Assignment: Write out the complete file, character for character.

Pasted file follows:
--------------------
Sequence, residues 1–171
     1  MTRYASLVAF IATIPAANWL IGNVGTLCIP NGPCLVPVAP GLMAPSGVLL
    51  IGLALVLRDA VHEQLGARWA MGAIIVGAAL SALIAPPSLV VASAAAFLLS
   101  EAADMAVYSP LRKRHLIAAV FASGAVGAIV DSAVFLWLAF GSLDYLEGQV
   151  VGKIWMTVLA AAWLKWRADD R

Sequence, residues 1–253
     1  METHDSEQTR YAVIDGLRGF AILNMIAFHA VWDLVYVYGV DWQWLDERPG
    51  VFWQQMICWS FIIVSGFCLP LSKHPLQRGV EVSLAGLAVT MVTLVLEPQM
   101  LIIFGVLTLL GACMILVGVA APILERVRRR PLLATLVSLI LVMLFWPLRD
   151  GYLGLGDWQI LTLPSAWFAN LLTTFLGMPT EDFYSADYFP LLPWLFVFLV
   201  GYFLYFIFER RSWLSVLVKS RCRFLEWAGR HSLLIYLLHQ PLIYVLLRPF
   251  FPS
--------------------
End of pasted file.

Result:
Sequence, residues 1–171
     1  MTRYASLVAF IATIPAANWL IGNVGTLCIP NGPCLVPVAP GLMAPSGVLL
    51  IGLALVLRDA VHEQLGARWA MGAIIVGAAL SALIAPPSLV VASAAAFLLS
   101  EAADMAVYSP LRKRHLIAAV FASGAVGAIV DSAVFLWLAF GSLDYLEGQV
   151  VGKIWMTVLA AAWLKWRADD R

Sequence, residues 1–253
     1  METHDSEQTR YAVIDGLRGF AILNMIAFHA VWDLVYVYGV DWQWLDERPG
    51  VFWQQMICWS FIIVSGFCLP LSKHPLQRGV EVSLAGLAVT MVTLVLEPQM
   101  LIIFGVLTLL GACMILVGVA APILERVRRR PLLATLVSLI LVMLFWPLRD
   151  GYLGLGDWQI LTLPSAWFAN LLTTFLGMPT EDFYSADYFP LLPWLFVFLV
   201  GYFLYFIFER RSWLSVLVKS RCRFLEWAGR HSLLIYLLHQ PLIYVLLRPF
   251  FPS